It May Be Easier To Lose Weight If Your Partner Joins You In The Process!


Heart health


By Joy Stephenson-Laws, J.D., Founder


Lexi and Danny Reed, a young couple based in Terre Haute, Indiana, were both overweight. According to a report on their story, at her highest weight Lexi was 485 pounds. Danny’s highest was 280 pounds.

They both knew that they needed to make some changes and start living a healthier lifestyle. They worked together and lost more than 400 pounds combined.

“Having each other as a buddy system kept us accountable. On days we didn’t want to change we had each other. We started to see progress, and that made us want to push more,” Lexi said.

The "buddy system."

There really is something to be said about “a buddy system,” even if one person in the system doesn’t necessarily need to lose weight. 

For example, recent research has provided evidence suggesting that heart attack survivors are more successful at losing weight if their partners participate by adopting healthier habits and changing their diet.

To be clear, this is in no way suggesting that a person should lose weight even if they don’t need to for the sake of their partner’s health. In my opinion, proactive health should be a household effort. It’s very similar to how parents will likely have a higher chance of having kids that are healthier eaters if they not only tell them to eat their vegetables but also show them that they themselves eat vegetables as well. It is a team effort.

"Lifestyle improvement after a heart attack is a crucial part of preventing repeat events," said one of the lead authors of the study, referenced in this recent Medical Xpress report.

"Our study shows that when spouses join the effort to change habits, patients have a better chance of becoming healthier—particularly when it comes to losing weight."

Heart disease is the leading cause of death in both American men and women, however, there are still plenty of Americans that have heart attacks and survive. According to the Centers for Disease Control and Prevention (CDC), about one in five heart attacks is silent. And with silent heart attacks, a person may not even know that a heart attack has occurred because the symptoms are not very intense.

Avoiding a second heart attack.

Once a person has a first heart attack and survives, it is extremely important to be proactive about avoiding a second one. 

“[A]bout one in five people who have had a heart attack will be readmitted to the hospital for a second one within five years. Each year, there are about 335,000 recurrent heart attacks in the United States,” reports the American Heart Association.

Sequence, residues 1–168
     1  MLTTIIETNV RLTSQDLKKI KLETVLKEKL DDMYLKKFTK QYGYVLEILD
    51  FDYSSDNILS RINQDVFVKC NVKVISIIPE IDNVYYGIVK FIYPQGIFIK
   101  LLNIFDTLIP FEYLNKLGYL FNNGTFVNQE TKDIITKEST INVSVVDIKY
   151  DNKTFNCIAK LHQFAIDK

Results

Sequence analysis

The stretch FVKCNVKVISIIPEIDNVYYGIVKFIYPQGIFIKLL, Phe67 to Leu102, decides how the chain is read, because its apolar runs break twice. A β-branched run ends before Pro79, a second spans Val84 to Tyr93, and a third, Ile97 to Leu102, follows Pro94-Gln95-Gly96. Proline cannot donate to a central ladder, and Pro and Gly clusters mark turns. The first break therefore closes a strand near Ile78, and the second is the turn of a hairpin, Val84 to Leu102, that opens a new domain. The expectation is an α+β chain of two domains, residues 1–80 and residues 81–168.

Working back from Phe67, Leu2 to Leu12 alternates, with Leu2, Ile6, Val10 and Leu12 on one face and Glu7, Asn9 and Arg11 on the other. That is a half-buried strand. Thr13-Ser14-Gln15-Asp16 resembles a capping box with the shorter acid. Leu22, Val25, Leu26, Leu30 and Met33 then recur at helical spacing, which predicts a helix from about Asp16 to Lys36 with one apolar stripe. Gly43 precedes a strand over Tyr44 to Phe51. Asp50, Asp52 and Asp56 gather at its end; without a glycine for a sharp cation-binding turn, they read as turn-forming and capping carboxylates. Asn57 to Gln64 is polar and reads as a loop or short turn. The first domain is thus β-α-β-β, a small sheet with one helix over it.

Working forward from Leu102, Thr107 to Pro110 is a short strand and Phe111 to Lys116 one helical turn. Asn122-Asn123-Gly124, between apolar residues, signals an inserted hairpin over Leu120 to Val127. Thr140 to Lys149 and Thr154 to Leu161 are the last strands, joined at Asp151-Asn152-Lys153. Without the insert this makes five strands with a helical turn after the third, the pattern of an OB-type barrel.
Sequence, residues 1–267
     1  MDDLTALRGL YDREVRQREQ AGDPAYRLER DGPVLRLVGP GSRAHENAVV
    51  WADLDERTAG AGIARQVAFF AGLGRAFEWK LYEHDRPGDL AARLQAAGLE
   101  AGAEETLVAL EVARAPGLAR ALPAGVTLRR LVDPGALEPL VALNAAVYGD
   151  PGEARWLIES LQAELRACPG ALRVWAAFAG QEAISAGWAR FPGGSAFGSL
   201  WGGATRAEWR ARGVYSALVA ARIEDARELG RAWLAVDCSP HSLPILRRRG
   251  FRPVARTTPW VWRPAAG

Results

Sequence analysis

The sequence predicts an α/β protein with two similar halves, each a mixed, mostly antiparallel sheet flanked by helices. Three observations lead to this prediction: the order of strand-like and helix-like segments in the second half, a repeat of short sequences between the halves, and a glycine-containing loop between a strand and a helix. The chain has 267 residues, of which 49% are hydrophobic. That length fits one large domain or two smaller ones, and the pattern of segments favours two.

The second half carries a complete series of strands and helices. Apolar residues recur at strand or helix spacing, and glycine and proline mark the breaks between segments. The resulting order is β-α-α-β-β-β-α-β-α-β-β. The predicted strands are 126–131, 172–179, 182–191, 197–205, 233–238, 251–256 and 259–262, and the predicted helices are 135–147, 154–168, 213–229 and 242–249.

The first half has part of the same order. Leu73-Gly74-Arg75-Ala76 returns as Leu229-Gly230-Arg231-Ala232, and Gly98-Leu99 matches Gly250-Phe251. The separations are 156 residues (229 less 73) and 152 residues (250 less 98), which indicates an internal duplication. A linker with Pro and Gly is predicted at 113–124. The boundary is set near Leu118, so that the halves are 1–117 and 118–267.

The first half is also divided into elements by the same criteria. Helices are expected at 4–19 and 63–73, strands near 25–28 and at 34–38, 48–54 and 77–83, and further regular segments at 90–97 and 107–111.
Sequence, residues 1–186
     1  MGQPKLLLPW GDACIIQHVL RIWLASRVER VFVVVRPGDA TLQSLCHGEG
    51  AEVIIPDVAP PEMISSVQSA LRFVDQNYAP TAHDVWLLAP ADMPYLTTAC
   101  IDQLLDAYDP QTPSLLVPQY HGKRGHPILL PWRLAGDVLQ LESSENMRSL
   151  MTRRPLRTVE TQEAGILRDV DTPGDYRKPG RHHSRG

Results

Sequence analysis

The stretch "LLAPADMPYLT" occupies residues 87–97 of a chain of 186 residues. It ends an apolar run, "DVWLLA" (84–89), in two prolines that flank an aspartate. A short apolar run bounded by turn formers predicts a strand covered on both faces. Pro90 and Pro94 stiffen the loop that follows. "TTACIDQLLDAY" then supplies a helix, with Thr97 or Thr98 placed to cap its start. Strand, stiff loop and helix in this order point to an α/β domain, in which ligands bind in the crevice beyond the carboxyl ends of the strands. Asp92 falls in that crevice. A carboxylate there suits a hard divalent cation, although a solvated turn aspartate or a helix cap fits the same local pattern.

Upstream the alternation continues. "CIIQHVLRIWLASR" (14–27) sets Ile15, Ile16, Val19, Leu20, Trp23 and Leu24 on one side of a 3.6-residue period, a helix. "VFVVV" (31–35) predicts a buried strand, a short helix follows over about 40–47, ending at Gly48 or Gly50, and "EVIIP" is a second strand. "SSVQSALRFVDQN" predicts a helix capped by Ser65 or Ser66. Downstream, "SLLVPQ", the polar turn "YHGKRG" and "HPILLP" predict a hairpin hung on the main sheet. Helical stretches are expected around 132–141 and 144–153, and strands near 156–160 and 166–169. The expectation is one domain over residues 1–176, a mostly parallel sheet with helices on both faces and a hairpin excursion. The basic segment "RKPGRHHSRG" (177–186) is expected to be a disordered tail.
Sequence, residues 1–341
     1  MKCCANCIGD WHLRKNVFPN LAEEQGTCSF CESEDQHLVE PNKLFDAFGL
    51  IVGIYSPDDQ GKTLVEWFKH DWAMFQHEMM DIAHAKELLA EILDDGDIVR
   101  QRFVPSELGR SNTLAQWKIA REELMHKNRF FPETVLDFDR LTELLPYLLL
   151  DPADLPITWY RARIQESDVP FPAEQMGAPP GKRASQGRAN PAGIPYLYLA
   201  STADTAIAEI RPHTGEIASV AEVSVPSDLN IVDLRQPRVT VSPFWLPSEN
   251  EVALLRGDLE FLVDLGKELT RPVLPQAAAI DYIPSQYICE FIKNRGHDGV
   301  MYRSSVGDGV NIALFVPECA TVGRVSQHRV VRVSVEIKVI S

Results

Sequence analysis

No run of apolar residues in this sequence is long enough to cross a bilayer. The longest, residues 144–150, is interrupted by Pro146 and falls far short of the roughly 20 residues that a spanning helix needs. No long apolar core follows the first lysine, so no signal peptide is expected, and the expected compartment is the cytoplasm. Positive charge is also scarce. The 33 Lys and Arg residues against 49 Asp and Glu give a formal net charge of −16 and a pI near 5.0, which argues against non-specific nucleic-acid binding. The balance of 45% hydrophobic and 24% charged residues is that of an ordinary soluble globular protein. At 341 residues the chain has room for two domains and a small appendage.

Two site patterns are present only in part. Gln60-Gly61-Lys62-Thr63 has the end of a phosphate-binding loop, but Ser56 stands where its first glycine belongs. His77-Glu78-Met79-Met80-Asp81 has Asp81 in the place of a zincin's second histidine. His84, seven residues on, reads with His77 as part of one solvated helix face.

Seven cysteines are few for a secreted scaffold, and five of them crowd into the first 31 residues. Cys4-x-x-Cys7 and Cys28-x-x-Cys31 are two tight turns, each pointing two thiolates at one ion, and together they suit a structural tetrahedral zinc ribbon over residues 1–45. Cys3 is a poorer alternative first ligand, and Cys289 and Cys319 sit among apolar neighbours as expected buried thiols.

Some key actions to take after surviving a heart attack include exercising (per guidance of a competent healthcare professional), making healthy dietary changes (also with guidance) and avoiding smoking if you are a smoker. 

"If partners contribute to adopting healthy habits, it could become an important recommendation to avoid recurrent heart attacks," said one of the lead researchers.

But what if you are not married or do not currently have a partner?

This is perfectly fine. Just try to find some sense of community or support. There is online support for heart attack survivors. You can also involve friends and family members in your heart attack prevention plan. For example, if your doctor recommends walking more, schedule weekly hikes with someone whose company you enjoy. You can also join healthy cooking clubs (virtually). You are never alone. You just have to use your resources.

Along with exercise and diet, another very important strategy in preventing heart attacks is making sure that you have an adequate amount of all of the essential vitamins and minerals. For example, low magnesium has actually been found to lead to worse outcomes in patients with heart disease and higher risk of irregular heartbeat. Magnesium is also widely regarded for its muscle-relaxing properties, which may help people with high blood pressure (which increases the risk of heart disease and having a heart attack).

Be sure to take routine nutrient tests in order to definitively determine if you have any nutrient imbalances or deficiencies. If you do, a competent healthcare professional can work with you on making the necessary dietary changes and recommend quality supplements if necessary.

In addition to the nutrient tests, other health tests you can take include:

For additional information on how you can help keep your heart healthy, check out these pH Labs blogs.

Enjoy your healthy life!

Disclaimer: This article is not intended to provide medical advice. Please consult with your doctor or another competent healthcare practitioner to get specific medical advice for your situation.


The pH professional health care team includes recognized experts from a variety of health care and related disciplines, including physicians, attorneys, nutritionists, nurses and certified fitness instructors. This team also includes the members of the pH Medical Advisory Board, which constantly monitors all pH programs, products and services. To learn more about the pH Medical Advisory Board, click here.  


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